Virginia’s legislators at odds over what issues should take priority

Posted at 12:55 PM, Jan 10, 2013
and last updated 2013-01-10 12:55:00-05

RICHMOND, Va (WTVR) -- Today is the second day of the 2013 General Assembly session and with it comes a laundry list of new bills being considered by state lawmakers.  But Republicans and Democrats are not seeing eye-to-eye on what issues should take priority.

At the top of the Republican legislative agenda is a focus on jobs and the economy.  House Speaker William Howell said today in a "fragile economic state" it's imperative to prepare for the worse case scenario by continuing to support Governor Bob McDonnell's efforts to build upon the state's rainy day fund. 

During is State of the Commonwealth address Wednesday night, McDonnell said by adding another $50 million to the rainy day fund, it could more than double it. 

The GOP also believe by putting more energy into jobs and the economy, it will inadvertently reform the state's educational system by attracting higher quality educators.

"We want to raise teacher professionalism and to be blunt the way you got to do that is to raise salaries, because for teachers that's the biggest issue right now" Republican Majority Leader Kirk Cox said.  "If you look at any state it will show you that teachers in the classroom mean a lot more than class size or any other factor you can put forth."

Republicans also said they're looking for real solutions to the state's transportation challenges.  One such solution offered could be to tap into the general fund.  A fund that could undergo changes if the governor moves forward with the proposal to eliminate the gas tax, while increasing the sales tax.  This political plan is one Democratic Senator Donald McEachin said Wednesday night he could not and would not support.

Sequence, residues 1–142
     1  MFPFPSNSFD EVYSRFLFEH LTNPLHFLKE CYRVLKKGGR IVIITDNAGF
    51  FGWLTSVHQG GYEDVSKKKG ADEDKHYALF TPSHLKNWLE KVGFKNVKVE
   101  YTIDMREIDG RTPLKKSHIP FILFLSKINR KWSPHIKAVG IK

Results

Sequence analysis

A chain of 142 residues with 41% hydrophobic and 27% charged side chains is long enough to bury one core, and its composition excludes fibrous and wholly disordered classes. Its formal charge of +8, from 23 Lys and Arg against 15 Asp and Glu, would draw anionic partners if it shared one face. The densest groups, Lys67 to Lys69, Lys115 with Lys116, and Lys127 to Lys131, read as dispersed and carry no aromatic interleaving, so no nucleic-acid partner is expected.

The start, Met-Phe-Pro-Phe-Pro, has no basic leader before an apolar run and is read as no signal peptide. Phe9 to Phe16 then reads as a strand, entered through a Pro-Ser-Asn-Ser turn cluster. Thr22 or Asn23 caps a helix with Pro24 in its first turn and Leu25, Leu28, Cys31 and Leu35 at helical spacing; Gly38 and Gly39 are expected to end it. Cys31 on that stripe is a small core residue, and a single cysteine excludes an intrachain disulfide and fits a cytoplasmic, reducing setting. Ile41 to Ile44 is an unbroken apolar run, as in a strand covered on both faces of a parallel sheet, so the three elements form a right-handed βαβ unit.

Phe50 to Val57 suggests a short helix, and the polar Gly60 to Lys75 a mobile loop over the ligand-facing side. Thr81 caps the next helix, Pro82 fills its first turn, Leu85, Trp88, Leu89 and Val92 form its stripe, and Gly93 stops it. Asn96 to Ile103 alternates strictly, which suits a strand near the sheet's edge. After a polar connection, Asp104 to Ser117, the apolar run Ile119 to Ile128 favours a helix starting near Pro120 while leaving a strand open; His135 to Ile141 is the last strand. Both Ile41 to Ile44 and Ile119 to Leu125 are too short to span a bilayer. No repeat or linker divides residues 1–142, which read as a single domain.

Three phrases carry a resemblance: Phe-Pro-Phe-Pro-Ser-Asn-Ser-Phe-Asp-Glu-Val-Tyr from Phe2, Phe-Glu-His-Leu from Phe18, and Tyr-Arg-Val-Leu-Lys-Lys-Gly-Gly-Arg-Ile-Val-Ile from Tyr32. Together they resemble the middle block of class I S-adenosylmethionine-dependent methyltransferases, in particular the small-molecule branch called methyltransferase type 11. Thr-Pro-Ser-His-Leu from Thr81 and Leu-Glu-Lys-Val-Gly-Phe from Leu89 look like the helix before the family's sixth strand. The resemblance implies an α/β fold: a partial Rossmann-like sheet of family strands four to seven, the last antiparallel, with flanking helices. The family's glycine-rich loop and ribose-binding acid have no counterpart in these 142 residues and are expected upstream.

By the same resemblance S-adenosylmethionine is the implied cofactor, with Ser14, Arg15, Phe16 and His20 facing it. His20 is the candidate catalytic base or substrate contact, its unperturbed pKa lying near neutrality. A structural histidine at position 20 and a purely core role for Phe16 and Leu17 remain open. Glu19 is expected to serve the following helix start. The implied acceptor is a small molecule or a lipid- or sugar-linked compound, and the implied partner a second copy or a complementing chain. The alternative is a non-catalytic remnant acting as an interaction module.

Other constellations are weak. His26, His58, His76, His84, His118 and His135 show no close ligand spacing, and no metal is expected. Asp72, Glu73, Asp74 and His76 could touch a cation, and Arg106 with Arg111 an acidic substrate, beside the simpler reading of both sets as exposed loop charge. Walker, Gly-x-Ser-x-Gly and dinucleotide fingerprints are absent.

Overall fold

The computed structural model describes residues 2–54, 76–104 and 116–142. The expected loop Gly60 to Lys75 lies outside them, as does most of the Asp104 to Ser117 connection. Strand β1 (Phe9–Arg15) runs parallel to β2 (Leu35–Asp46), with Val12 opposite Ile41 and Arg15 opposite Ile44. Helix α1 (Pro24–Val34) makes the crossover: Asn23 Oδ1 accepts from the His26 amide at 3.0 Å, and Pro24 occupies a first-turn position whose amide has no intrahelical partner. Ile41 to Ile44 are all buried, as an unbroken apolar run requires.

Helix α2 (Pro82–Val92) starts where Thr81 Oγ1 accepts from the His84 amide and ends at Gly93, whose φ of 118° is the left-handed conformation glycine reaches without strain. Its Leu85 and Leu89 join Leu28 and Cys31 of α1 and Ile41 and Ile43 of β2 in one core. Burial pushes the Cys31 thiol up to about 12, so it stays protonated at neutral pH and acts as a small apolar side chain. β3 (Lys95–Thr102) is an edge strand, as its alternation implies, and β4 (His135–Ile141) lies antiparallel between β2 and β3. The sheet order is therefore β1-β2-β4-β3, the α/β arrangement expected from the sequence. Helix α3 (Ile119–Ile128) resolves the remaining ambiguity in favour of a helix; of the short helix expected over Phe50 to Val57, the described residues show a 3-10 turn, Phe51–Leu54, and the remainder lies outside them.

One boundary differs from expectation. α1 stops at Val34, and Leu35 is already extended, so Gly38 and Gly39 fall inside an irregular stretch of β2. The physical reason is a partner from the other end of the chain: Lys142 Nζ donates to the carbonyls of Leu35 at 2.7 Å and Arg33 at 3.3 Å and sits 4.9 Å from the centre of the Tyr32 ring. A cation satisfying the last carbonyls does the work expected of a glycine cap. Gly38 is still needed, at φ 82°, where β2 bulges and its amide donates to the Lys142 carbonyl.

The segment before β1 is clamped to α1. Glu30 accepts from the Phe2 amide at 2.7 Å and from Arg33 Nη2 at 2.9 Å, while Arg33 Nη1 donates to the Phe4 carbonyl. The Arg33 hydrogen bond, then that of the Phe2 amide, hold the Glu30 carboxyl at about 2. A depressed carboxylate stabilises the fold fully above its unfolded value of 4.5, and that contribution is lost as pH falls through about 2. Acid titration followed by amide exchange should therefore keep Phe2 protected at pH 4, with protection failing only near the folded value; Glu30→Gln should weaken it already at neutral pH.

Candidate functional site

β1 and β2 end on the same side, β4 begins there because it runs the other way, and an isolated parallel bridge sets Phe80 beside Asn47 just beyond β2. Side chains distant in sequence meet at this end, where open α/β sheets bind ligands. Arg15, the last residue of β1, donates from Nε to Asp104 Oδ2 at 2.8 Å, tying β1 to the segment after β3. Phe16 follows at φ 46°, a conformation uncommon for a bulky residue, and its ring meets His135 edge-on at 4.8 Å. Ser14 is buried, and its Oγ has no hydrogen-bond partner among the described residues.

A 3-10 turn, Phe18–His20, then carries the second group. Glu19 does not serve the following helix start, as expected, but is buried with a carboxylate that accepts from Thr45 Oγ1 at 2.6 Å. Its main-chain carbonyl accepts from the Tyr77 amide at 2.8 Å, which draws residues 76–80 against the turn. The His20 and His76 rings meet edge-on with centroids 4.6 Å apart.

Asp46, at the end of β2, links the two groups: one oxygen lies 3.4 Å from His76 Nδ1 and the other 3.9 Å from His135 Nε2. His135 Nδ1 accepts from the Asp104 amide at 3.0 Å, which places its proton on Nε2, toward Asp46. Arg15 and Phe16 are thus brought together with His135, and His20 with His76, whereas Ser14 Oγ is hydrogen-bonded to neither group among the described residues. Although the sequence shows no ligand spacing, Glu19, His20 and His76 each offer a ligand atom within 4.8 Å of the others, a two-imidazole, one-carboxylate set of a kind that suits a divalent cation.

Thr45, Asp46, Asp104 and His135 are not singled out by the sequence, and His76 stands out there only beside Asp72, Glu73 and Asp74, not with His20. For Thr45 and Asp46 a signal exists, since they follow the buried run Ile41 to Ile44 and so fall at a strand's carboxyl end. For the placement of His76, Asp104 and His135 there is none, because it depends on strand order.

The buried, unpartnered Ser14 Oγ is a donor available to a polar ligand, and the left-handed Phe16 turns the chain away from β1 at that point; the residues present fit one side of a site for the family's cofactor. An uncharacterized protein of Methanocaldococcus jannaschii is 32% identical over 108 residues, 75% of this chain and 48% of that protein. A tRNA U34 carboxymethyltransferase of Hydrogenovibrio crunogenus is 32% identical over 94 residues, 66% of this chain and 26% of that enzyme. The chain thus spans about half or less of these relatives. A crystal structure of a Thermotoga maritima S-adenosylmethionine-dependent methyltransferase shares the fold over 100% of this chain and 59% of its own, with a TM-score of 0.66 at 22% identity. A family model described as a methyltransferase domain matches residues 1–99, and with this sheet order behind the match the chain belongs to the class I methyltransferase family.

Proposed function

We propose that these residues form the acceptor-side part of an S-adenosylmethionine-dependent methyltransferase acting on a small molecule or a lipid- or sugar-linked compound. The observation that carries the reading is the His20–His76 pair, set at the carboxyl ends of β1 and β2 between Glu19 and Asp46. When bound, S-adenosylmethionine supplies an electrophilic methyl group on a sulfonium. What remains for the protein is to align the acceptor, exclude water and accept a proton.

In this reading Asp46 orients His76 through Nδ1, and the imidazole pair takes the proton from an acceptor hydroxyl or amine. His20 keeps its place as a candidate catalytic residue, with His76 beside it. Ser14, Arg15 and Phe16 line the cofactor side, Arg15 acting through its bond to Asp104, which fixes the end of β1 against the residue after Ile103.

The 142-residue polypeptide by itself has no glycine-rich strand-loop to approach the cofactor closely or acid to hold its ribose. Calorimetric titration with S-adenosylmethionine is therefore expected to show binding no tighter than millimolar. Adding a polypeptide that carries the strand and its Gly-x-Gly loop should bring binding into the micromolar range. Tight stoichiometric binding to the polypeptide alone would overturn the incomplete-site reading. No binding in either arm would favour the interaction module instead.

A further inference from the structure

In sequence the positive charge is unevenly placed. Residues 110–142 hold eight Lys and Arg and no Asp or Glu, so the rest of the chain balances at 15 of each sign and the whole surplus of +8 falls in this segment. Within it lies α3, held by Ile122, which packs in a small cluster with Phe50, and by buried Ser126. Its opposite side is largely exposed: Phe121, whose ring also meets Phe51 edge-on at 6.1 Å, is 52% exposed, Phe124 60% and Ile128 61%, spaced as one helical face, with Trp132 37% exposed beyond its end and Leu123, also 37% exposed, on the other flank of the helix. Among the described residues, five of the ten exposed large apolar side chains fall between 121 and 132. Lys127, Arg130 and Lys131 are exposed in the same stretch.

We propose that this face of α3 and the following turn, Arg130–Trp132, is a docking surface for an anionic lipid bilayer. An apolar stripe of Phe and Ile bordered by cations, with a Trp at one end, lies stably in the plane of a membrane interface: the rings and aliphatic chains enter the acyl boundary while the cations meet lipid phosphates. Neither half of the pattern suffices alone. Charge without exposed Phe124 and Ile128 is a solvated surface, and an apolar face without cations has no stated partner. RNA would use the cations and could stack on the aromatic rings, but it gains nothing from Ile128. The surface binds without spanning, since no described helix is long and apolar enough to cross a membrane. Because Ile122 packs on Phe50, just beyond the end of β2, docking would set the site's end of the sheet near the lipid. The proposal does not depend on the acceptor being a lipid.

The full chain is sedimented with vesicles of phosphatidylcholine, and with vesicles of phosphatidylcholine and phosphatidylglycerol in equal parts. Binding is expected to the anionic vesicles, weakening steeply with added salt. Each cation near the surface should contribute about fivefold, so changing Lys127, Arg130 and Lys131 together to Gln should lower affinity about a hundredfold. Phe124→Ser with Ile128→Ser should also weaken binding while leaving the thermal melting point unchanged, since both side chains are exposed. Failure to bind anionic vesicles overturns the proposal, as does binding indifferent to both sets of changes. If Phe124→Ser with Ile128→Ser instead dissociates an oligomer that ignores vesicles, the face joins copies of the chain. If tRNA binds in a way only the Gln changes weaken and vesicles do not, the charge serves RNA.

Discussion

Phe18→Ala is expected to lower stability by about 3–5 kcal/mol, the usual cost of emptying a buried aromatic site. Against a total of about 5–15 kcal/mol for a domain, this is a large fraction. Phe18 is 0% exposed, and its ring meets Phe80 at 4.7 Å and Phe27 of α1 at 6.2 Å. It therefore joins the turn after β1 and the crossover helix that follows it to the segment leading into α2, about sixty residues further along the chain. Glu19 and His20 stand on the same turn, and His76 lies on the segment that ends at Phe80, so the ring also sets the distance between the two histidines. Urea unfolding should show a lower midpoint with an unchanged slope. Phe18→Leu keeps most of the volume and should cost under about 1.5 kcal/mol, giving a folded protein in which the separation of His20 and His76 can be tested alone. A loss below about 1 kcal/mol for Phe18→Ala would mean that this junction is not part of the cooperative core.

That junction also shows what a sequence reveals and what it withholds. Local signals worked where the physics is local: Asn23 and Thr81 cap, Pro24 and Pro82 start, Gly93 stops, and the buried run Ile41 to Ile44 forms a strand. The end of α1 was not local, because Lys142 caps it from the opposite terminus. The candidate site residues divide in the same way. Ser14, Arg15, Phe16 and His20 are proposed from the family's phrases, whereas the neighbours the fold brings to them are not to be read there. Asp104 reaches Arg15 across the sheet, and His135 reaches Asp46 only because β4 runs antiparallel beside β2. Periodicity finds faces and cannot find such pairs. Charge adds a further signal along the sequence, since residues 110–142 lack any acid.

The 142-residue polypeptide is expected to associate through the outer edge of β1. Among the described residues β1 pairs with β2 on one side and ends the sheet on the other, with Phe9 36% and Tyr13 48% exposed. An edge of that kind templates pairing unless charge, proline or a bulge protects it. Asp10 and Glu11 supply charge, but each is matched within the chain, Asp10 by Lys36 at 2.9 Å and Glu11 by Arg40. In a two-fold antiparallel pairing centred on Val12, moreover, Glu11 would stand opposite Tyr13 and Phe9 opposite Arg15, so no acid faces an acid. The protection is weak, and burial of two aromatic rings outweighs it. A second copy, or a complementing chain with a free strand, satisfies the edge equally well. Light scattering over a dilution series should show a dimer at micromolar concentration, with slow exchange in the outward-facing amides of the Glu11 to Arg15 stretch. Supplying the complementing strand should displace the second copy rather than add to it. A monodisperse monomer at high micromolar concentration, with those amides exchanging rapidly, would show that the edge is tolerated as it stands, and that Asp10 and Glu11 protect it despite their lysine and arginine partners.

"What doesn't sit well with me is the continuing effort to take a portion of the sales tax and dedicate it to transportation," Democratic Senator Donald McEachin said.  "He (the governor) talks about that money, but it's $811 million over five years.  That's money that we need in the classroom; that's money that we need for our first responders; that's money that we need to help our senior citizens."

During Thursday's legislative session, the Democratic party has held a press conference to discuss in detail the state's voting procedures--to include restoring the voting rights to non-violent felons.  Ironically Governor Bob McDonnell--who is Republican--is also supporting the restoration process despite his own party resisting the proposal.